Bazlama is the simplest form of bread in the world—it doesn’t even require an oven. The technique is probably at least 3000 years old. In Turkish villages, lumps of dough are spread on a sac (pronounced ‘sazh‘), which is like an upturned wok resting over hot coals. You could try that, or use a frying pan instead.
Unlike most breads, bazlama involves little preparation time. You could leave it to rise overnight, or you could wake up on a Sunday morning, decide ‘Lets do a bazlama brunch’, invite your friends, leave the dough to rise while you’re showering and tidying up, and fry your bread while your guests are sitting down.
Because it contains yoğurt it has a rich flavour and an interesting texture—soft inside and crunchy outside. You’d serve it with jams or cheeses (which you would need to make earlier).
Put the yeast and sugar in a bowl with
Sift the flour into a mixing bowl, make a well in the middle, and pour in the yeast mixture. Knead the dough for 1 minute, then add the yoğurt. Knead for a further 10 minutes or until the dough has reached, as we say in Turkey, ‘the softness of an earlobe’. Cover the bowl with a damp cloth and rest in a warm place for 2 hours. The ball of dough should double in size.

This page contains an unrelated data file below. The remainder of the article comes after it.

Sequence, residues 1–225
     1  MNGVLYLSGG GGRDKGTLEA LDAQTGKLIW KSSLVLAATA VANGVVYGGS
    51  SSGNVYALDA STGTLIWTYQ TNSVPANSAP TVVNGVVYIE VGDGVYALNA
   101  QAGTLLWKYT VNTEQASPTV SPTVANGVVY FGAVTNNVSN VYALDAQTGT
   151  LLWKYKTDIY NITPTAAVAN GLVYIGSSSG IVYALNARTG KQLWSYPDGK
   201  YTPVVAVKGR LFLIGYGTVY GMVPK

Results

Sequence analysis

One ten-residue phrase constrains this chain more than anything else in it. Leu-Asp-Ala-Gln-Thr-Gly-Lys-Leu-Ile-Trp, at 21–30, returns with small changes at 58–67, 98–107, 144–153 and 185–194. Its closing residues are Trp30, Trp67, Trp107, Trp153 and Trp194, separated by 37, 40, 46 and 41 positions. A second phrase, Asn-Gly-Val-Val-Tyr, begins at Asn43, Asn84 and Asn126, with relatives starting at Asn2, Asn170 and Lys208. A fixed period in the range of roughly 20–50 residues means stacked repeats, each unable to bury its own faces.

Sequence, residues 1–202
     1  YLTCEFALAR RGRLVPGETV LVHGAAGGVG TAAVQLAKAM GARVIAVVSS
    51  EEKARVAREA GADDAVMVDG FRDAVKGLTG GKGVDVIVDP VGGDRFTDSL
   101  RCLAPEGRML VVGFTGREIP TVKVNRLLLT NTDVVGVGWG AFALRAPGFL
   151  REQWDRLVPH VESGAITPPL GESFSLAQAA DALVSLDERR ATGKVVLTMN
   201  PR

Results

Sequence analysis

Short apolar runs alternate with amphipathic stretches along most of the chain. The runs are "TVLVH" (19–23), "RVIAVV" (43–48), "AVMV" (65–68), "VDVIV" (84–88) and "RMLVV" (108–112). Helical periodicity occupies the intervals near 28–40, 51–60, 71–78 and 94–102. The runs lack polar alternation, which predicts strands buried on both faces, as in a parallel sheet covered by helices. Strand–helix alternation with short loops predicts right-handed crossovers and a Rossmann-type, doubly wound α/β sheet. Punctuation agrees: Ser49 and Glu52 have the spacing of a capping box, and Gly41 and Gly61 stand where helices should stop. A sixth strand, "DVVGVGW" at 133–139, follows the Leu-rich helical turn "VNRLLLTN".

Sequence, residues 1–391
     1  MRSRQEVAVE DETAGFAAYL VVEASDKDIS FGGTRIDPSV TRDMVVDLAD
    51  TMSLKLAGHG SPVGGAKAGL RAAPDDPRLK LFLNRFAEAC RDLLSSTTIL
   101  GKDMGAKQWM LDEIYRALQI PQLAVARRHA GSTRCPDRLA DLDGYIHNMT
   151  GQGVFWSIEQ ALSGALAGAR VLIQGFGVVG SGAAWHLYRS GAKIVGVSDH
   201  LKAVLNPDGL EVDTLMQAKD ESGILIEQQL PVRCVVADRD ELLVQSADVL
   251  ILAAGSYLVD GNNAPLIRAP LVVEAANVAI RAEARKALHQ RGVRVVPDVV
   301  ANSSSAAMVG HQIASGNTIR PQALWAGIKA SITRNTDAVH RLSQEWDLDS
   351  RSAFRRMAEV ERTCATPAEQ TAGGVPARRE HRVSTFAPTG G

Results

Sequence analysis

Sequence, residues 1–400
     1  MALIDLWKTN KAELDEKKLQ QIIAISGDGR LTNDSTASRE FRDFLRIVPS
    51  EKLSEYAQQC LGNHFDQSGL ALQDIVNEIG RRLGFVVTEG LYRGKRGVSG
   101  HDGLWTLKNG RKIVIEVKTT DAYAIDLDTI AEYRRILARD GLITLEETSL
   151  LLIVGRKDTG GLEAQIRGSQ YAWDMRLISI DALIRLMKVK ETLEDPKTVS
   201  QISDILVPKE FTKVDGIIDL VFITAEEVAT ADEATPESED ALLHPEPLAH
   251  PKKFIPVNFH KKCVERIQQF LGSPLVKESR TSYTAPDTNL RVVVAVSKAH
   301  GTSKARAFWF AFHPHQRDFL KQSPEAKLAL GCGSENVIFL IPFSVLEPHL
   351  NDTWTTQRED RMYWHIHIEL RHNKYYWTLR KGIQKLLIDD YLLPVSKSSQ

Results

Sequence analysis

Add the salt to the dough and knead for 3 minutes. Sprinkle some flour on your work surface and divide the dough into four balls. Return the dough to the bowl, cover with a damp cloth and rest for 10 minutes.
Place one ball of dough on the work surface and, using floured hands or a rolling pin, flatten into a round about
Serve the bazlamas with butter, jam or cheese.
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